The main limitations of this study were the small size of the study sample, which has an implication on determining the cut-offs for both ALC and TLC. The second limitation was that we could not rule out the latent cases of intercurrent infections like tuberculosis (TB) and malaria, which might affect the interpretation of the ALC/TLC.

TB-related immune activation and anti-TB therapy may lead to fluctuations in CD4 cell count. [14] Malaria is another prevalent endemic disease known to have specific interactions with HIV infection. Though its effect on CD4 cell count is less well documented, patients with HIV infection are known to have an increased likelihood of developing malaria, as well as a decreased response to prophylaxis. [15] Thus, further studies are needed to examine this aspect of impact of TB and malaria based on the correlation between TLC/ALC and CD4 cell counts.


   Conclusions Top


Our findings suggest that both ALC and TLC could have clinical utility in determining when HIV-infected patients in resource-poor settings should initiate HAART although ALC is a better marker than TLC. However, more studies are required in resource-limited settings with larger study groups to ascertain the usefulness of ALC/TLC as a surrogate for CD4 counts both before and after HAART initiation.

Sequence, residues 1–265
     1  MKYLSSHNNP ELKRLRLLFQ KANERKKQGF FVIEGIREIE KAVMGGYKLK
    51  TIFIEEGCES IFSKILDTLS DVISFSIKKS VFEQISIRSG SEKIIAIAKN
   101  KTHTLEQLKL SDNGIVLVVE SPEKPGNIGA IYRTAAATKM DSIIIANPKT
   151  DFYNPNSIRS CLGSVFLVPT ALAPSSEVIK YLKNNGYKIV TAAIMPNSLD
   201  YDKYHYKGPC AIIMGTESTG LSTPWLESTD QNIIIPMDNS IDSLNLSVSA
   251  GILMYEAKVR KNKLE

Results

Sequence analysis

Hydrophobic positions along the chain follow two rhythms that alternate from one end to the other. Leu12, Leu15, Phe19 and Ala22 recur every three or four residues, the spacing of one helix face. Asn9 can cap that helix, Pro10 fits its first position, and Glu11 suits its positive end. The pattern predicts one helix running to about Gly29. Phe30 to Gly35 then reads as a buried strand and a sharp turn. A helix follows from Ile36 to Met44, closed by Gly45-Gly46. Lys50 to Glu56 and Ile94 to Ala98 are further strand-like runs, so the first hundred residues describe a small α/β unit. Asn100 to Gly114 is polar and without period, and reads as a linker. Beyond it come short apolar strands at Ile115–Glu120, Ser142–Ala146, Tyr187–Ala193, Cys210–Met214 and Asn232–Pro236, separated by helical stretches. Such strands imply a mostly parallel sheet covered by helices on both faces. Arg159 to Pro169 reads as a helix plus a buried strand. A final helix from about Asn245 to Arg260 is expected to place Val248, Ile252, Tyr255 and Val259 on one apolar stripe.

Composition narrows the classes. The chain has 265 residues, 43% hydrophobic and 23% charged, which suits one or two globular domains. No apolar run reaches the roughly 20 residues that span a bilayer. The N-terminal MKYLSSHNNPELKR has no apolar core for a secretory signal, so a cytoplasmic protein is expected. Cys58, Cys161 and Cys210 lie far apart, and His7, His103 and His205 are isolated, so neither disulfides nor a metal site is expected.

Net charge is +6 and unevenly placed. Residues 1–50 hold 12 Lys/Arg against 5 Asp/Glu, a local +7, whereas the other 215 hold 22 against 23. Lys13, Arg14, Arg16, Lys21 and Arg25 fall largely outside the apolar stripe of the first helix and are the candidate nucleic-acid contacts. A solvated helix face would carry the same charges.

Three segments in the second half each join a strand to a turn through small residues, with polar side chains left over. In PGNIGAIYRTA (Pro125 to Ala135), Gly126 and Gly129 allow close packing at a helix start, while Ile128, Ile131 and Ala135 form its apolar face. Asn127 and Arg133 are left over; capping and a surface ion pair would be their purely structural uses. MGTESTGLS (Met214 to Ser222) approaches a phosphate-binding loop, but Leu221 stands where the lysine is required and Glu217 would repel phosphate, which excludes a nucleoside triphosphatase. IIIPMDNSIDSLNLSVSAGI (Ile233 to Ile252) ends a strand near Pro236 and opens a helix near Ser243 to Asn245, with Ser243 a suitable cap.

References Top

1.Pattanapanyasat K, Thakar MR. CD4+ T cell count as a tool to monitor HIV progression and anti-retroviral therapy. Indian J Med Res 2005;121:539-49.  Back to cited text no. 1
    
2.Hogg RS, Yip B, Chan KJ, Wood E, Craib KJ, O′Shaughnessy MV, et al. Rates of disease progression by baseline CD4 cell count and viral load after initiating triple drug therapy. JAMA 2001;286:2568-77.  Back to cited text no. 2
[PUBMED]  [FULLTEXT]  
3.Mahajan AP, Hogan JW, Snyder B, Kumarasamy N, Mehta K, Solomon S, et al. Changes in total lymphocyte count as a surrogate for changes in CD4 count following initiation of HAART: Implications for monitoring in resource-limited settings. J Acquir Immune Defic Syndr 2004;36:567-75.  Back to cited text no. 3
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4.Blatt SP, Lucey CR, Butzin CA, Hendrix CW, Lucey DR. Total lymphocyte count as a predictor of absolute CD4+ count and CD4+ percentage in HIV-infected persons. JAMA 1993;269:622-6.  Back to cited text no. 4
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5.Daka D, Loha E. Relationship between Total Lymphocyte count (TLC) and CD4 count among peoples living with HIV, Southern Ethiopia: A retrospective evaluation. AIDS Res Ther 2008;5:26-31.  Back to cited text no. 5
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6.Post FA, Wood R, Maartens G. CD4 and total lymphocyte counts as predictors of HIV disease progression. Q J Med 1996;89:505-8.  Back to cited text no. 6